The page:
Nature Nut: Why one bird sticks around while another passes through
It was a good day at the backwater cabin feeders, with lots of birds showing up. Besides the usual resident chickadees, woodpeckers, house sparrows, and white-breasted nuthatches, some interesting migrants also appeared.
First, there was a tree sparrow, not unusually odd, but a species that will probably not be around in a few weeks. And then, a rarer pair of red-breasted nuthatches, just over half the size of their white-breasted cousins.
But the prize was a bird I could tell right away I’d not seen before, so I needed to look closely. From the rear, it looked like a fairly common house wren, with an upright tail and similar colors, but somewhat larger. But, when it turned so I could see its face, with a large white eye-band I’d not seen before on a wren, I guessed it might be a Carolina wren. A quick look in my bird book confirmed my guess.
I remembered high school classmate, and “extreme” bird feeder, Leslie Kottke, who put out a heated tray of live mealworms in the winter, and was able to keep one of these rarities around the whole season. But, I only enjoyed mine for a few days, and it was gone when I returned earlier this week.
But, watching these birds, some usual, and some unusual, made me wonder why we are in the normal range for some and not for others. In the case of the tree sparrow and Carolina wren, the sparrow eats predominantly seeds, while the Carolina wrens prefer fruits and insects, thus the reason Leslie attracted one during numerous winters.
While watching the wren at my feeder, I noticed it was very picky, and I later figured it was eating only the pieces of already shelled sunflower hearts, rather than trying to break open the seed hulls with a beak not designed to do so. So, obviously, the feeding tools a bird has survived with over eons in large part dictates its range.
Presence of predators can also spell which birds might take up residence in a particular habitat. This could also be linked to how interactive or communal some species are, with those having a “herd” mentality perhaps able to better survive predator presence. When reading about this, I couldn’t help but thinking of recently watching crows feeding on garbage in the Silver Lake parking lot below my home. There was always at least one crow serving as a ‘watcher’ while others fed, even when only two crows were left.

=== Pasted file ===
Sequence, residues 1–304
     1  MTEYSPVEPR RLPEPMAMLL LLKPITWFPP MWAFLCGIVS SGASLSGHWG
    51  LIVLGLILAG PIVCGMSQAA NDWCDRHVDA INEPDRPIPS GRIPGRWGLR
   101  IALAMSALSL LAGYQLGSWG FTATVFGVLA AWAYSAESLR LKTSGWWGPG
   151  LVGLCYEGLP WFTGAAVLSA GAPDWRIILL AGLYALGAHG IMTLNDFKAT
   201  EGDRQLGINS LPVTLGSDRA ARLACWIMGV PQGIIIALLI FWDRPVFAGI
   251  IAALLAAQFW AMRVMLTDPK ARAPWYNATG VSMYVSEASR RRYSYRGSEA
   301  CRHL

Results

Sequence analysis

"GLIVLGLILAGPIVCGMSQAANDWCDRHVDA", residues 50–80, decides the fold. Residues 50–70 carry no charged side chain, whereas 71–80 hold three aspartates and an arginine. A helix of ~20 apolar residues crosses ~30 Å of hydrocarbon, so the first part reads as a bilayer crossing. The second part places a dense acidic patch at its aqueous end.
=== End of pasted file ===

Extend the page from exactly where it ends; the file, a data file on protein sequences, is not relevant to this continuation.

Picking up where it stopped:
I assumed, in some cases, climate is a significant factor, although when I look at the body size and insulating feathers of the Carolina wrens, it looks similar to juncos, which we have an abundance of around here in the winter. But, another factor I thought about, and read more on, was how humans have altered the ranges of birds.
One study, more than 50 years ago, noted many birds that live around water are now often found in human-created reservoirs, wetlands, or ponds. And, some birds, with cardinals being a good example, have expanded their range northward, possibly in response to climate changes, but also probably due to human feeding of birds that allows them to live in cooler climes.
But, even without the impact of more bird feeders, climate change is impacting bird ranges, with many expanding northward. And, some are losing substantial parts of their historic ranges due to unfavorable climatic changes.
So, with the pace of climate change seeming to be picking up, who knows what birds our children, and grandchildren, may be seeing around here in years to come.